The Case For an International Oxygen Tax

The Case For an International Oxygen Tax

How to save the world from CO2 heating? Pay those who create oxygen! That’s right. We consumers who are using up oxygen and creating this surplus of carbon must pay people to keep their forests, jungles, living oceans for the oxygen they grow. Because by creating oxygen they are sequestering CO2. We must all pay for that carbon we are creating. And we all need the oxygen they are creating.

But good luck on making this happen in the present set-up. Honestly, why would anyone limit their carbon-creating economies when they are the basis of “advanced” countries’ wealth? Why would General Motors or Russian gas oligarchs turn off the tap that feeds them? Why would China abandon the extraction of African resources, or India not buy the enormous coal deposits it seeks to tap next to Australia’s Great Barrier Reef, earth’s largest living organism?

Why would the settler in the Brazilian jungle forbear from cutting down his patch to create fields so he can grow and sell soy beans and cattle for burgers at McDonald’s? Why would the Palm Oil Kings of Borneo cut their palms down and start returning their carbon-creating monocrop to the carbon-sequestering diversity of jungle? I mean, they’re probably all nice people, but they’re not stupid. They have to make a living in the economy and the activities it rewards.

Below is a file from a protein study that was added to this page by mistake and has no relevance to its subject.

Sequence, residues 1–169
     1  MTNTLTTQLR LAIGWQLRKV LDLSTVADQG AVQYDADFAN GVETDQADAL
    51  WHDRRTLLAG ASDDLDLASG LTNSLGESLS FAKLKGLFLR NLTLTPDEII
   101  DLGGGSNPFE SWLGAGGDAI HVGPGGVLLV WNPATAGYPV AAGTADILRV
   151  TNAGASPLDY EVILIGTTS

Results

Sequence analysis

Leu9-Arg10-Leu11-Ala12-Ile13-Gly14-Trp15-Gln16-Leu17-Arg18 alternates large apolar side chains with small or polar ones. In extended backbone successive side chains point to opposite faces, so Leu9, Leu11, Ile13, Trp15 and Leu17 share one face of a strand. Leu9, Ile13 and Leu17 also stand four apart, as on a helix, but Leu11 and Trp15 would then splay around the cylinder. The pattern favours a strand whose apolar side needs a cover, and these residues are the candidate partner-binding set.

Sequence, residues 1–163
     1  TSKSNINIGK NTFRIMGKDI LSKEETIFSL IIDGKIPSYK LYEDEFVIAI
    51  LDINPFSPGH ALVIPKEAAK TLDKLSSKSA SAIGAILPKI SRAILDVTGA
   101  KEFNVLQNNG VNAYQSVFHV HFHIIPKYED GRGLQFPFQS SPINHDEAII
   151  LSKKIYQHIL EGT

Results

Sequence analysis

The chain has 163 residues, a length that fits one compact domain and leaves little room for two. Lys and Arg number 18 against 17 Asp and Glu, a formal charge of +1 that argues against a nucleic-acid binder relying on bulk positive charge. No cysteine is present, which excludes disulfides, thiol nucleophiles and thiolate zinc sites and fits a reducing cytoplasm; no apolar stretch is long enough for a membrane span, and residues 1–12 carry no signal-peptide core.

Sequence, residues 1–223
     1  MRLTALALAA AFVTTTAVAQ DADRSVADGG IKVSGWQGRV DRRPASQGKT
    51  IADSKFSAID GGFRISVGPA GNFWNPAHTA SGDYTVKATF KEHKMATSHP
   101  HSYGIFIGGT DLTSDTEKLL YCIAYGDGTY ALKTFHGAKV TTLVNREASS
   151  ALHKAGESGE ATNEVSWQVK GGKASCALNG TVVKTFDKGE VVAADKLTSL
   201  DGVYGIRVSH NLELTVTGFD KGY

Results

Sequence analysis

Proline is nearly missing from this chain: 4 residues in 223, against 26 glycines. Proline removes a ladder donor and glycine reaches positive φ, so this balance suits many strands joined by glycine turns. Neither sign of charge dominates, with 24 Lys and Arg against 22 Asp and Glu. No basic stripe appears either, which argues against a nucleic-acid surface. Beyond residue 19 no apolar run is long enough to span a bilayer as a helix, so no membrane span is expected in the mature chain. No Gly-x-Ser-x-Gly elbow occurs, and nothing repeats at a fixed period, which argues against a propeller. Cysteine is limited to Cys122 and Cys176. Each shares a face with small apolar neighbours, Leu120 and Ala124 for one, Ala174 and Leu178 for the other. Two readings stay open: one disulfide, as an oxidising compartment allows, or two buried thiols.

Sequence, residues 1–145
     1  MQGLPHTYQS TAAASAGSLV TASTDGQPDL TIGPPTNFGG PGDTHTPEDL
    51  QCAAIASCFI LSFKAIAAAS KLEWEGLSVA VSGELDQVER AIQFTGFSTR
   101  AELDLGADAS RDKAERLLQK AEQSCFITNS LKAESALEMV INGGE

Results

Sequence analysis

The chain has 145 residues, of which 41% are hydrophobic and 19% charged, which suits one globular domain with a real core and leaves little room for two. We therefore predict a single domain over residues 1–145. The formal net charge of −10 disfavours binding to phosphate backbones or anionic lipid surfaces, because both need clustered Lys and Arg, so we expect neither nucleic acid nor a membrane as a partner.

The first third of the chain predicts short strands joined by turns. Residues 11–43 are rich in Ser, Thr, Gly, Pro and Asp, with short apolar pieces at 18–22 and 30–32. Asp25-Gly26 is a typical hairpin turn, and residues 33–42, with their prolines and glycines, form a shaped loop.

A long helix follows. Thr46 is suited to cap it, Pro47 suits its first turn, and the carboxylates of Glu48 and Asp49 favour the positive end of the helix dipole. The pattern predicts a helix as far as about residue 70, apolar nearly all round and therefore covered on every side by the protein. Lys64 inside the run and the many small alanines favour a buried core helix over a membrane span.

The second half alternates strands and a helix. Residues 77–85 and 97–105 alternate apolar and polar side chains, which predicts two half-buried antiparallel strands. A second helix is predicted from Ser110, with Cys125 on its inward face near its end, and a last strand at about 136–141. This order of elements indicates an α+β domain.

The time of asking everyone — and especially Developing World political leaders — to Do The Right Thing for us addicted Industrial World polluters is over. It won’t work. Especially when industrialized countries are the greatest per capita consumers of oxygen and creators of CO2 (the U.S., with a twentieth of the world’s population, still consumes a fifth of the world’s energy).

The fact is, no-one has the financial incentive to expand oxygen creation or lower carbon production. Just as the early European settlers in North America or Europe or Argentina or Australia or New Zealand had no incentive to not cut down the forests and create farms, 200 years ago, so today, peoples in the tropical regions especially, along with global fishing nations like South Korea and Japan, survive by exploiting the bejeebers out of all the resources Mother Earth has to offer.

I spent one holiday at my cousin Bob Rayson’s farm in Bordertown South Australia hauling out stumps from the myriad trees he had spent his entire lifetime cutting and burning down to create fields for sheep.

The problem is that fish, sheep, cattle, tapioca, oil have value we recognize. Their producers and exploiters are paid in dollars and cents for producing them. We assign value to the Brazilian farmer’s soy beans. We reward him in money for the burger meat his cattle provide.

But the jungle he’s about to cut down? Oh no. We won’t assign value to his little portion of the Lungs of the Earth and the work it does right now, creating the oxygen we all need, flourishing as jungle, forest and ocean ecosystems, pumping out oxygen and sequestering the carbon that’s threatening to kill us.

What must we do to turn this around?

We must provide a positive incentive — yes, money — to >pay those who grow…oxygen! Just like oil, soy beans and tapioca, oxygen is a commodity, a limited commodity. It needs to be produced! Nurtured, valued, grown, like all other commodities essential to our survival.

How? Tune in to the next blog.

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